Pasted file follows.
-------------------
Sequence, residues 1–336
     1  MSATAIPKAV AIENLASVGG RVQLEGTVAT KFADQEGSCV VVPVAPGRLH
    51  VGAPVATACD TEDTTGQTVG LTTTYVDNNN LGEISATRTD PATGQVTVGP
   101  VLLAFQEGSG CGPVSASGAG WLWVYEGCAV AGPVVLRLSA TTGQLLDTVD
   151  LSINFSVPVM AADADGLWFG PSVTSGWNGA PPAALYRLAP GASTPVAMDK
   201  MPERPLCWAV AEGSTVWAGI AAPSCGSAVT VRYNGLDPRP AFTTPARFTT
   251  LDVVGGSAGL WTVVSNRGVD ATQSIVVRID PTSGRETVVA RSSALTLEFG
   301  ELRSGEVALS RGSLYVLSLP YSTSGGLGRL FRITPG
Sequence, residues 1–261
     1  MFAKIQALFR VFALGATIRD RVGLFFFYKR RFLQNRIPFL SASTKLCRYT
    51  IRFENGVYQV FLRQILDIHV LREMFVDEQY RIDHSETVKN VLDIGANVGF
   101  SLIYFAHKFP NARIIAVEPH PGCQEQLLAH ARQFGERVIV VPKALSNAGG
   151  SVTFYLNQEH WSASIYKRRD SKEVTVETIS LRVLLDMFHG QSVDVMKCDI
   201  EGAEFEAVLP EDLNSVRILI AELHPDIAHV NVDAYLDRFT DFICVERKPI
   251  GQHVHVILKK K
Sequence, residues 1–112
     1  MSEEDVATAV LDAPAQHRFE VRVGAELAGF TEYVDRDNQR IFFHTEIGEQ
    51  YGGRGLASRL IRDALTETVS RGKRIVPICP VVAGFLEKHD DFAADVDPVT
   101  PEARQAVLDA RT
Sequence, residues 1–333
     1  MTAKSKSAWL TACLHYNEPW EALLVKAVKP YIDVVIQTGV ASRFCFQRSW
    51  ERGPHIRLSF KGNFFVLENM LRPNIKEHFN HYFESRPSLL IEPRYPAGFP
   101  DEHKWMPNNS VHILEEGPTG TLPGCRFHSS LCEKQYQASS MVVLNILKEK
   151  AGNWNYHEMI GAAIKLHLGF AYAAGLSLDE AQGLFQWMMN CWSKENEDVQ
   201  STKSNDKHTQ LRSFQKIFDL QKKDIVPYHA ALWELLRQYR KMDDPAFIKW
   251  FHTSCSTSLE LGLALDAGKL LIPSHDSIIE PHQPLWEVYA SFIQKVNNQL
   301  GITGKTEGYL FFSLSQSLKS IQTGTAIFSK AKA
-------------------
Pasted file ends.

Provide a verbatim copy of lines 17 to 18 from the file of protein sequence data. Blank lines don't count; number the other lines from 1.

     1  MSEEDVATAV LDAPAQHRFE VRVGAELAGF TEYVDRDNQR IFFHTEIGEQ
    51  YGGRGLASRL IRDALTETVS RGKRIVPICP VVAGFLEKHD DFAADVDPVT